Although Heller did not articulate a level of review, the decision implicitly rejected strict scrutiny. Strict scrutiny, which requires a rigorous analysis of whether the challenged law is the least restrictive means to further a compelling objective, cannot be squared with the majority’s approval of various firearms regulations as “presumptively lawful regulatory measures.” See Heller, 554 U.S. at 626-27 & n.26; see also Heller v. District of Columbia, 698 F. Supp. 2d at 187 (summarizing observations made by other courts and legal scholars on the inconsistency between strict scrutiny and Heller’s list of “presumptively lawful” regulations). The Heller Court also emphasized that the Second Amendment right is, by its nature, “not unlimited,” and is not a “right to keep and carry any weapon whatsoever in any manner whatsoever and for whatever purpose.” Heller, 554 U.S. 15


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at 626. That Heller referred favorably to the outright prohibition on carrying concealed weapons—considerably more restrictive than the regulation at issue here—further demonstrates that strict scrutiny review was not envisioned by the Court. Strict scrutiny’s requirement that a law be narrowly tailored to serve a compelling government interest is also inconsistent with Heller’s recognition that legislatures must be allowed to employ “a variety of tools for combating” the problem of gun violence. Heller, 554 U.S. at 636. In Nordyke, this Court rejected the blanket application of strict scrutiny to Second Amendment challenges, explaining that strict scrutiny would require courts to engage in empirical inquiries in which courts “lack expertise,” and which are more properly left to the betterequipped legislative branch. Nordyke, 644 F.3d at 784 (citation omitted); see also id. at 785 (even laws regulating fundamental rights do not warrant strict scrutiny unless the burdens they impose are severe). 4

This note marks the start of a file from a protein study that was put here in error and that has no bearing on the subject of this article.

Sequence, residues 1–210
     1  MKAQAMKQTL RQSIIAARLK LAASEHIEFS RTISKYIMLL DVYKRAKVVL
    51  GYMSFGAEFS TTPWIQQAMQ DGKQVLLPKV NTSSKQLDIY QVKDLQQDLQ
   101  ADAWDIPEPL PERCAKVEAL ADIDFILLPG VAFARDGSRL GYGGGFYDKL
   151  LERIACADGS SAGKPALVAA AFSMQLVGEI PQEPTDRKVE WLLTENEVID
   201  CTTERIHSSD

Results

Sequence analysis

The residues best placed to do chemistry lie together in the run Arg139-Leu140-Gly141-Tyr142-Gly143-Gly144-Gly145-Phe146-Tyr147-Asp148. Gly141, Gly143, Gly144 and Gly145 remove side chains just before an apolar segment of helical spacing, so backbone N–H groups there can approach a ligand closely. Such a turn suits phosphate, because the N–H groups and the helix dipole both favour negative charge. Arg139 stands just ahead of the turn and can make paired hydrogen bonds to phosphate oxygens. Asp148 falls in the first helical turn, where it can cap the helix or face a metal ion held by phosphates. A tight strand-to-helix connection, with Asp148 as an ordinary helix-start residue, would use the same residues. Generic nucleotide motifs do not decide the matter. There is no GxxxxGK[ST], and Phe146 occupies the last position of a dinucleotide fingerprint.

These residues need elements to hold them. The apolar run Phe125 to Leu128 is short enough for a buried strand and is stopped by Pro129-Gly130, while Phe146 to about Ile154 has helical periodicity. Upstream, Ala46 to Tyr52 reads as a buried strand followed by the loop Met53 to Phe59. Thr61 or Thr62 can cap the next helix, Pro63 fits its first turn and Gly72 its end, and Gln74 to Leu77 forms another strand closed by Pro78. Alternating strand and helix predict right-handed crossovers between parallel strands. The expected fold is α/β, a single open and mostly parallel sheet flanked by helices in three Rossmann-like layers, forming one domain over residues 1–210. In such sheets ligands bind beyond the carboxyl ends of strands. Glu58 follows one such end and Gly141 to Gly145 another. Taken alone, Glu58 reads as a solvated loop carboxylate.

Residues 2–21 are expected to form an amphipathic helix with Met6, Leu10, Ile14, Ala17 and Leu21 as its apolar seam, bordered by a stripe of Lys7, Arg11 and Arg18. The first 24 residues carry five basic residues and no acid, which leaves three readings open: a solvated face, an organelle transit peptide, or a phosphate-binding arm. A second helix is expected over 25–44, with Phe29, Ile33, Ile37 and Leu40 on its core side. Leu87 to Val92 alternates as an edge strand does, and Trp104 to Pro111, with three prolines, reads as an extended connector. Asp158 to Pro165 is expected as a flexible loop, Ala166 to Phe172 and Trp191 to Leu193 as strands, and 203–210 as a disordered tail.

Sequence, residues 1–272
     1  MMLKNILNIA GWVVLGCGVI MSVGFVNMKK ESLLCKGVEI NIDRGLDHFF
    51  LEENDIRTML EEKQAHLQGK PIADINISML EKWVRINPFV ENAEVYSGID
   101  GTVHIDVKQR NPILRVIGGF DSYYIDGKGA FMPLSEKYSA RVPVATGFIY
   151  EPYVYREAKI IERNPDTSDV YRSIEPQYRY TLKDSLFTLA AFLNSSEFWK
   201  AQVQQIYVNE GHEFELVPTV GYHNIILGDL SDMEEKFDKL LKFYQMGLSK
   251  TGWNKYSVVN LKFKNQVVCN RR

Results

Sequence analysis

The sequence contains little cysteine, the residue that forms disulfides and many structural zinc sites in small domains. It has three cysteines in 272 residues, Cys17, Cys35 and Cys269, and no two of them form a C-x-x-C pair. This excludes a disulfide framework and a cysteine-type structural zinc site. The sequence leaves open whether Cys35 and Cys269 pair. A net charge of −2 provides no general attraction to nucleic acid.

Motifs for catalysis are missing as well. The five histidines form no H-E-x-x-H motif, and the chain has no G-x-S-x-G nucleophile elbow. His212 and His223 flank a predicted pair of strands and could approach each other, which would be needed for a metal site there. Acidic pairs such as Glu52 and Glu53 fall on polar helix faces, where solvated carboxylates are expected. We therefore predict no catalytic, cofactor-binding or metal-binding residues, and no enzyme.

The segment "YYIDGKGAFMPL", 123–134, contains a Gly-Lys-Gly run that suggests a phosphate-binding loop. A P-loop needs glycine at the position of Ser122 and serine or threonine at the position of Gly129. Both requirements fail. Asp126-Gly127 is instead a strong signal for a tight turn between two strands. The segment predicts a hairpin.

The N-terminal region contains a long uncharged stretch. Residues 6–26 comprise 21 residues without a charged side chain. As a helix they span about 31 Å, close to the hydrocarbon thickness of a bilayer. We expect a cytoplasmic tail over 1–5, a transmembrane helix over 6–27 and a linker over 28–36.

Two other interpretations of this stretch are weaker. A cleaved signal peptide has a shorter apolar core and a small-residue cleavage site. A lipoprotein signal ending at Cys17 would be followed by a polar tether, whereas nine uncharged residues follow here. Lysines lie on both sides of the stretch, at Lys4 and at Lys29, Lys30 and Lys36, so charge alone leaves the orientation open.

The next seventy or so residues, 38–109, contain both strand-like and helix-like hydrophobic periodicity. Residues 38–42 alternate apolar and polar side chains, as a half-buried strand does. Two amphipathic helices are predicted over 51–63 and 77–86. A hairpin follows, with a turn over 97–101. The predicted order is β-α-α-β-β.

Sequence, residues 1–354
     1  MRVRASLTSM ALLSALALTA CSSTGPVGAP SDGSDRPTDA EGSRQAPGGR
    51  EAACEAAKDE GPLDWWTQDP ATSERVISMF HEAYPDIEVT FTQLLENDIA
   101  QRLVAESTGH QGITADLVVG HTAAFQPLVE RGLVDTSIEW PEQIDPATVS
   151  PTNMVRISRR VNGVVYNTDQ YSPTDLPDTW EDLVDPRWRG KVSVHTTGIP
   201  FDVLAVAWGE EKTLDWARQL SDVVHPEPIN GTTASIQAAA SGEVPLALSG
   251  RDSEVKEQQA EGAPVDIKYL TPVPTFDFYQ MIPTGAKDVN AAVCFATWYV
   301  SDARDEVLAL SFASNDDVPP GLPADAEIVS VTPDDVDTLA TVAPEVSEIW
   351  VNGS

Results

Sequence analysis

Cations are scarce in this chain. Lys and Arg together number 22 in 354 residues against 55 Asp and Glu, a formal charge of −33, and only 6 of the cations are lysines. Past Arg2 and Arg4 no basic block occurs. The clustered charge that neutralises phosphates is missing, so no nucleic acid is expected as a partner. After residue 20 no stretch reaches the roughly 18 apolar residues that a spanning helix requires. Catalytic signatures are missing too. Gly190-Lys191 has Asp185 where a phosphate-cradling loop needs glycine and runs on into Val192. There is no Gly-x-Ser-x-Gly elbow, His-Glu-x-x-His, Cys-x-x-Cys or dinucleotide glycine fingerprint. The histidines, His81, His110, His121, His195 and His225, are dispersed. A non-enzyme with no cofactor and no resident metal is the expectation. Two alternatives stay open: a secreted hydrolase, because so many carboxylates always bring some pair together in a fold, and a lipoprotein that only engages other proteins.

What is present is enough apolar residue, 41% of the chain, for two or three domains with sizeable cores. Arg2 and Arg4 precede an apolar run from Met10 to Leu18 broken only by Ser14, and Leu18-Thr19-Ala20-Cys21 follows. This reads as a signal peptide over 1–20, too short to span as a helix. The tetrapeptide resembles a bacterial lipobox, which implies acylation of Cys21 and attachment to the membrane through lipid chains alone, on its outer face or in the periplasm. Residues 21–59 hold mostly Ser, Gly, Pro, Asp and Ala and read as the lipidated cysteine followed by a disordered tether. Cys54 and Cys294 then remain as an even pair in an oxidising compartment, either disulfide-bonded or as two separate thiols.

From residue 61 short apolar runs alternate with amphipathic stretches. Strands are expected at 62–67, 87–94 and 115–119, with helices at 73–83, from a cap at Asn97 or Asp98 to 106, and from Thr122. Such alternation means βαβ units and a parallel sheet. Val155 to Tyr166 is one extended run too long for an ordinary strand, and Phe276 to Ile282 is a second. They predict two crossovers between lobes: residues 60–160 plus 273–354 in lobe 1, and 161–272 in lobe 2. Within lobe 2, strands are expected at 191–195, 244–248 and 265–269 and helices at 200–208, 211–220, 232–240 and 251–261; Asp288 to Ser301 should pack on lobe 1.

4

The amicus brief of the National Rifle Association, which argues that all rights labeled as “fundamental” are automatically subject to strict scrutiny, is at odds with Nordyke and with Supreme Court decisions. The Supreme Court has made clear that laws regulating rights labeled “fundamental” are not subject to strict scrutiny where they do not substantially burden the right at issue. See, e.g., Clingman v. Beaver, 544 U.S. 581, 592 (2005) (“strict scrutiny is appropriate only if the burden is severe”); Timmons v. Twin Cities Area New Party, 520 U.S. 351, 358 (1997) (“Regulations imposing severe burdens on plaintiffs’ rights must be (continued…) 16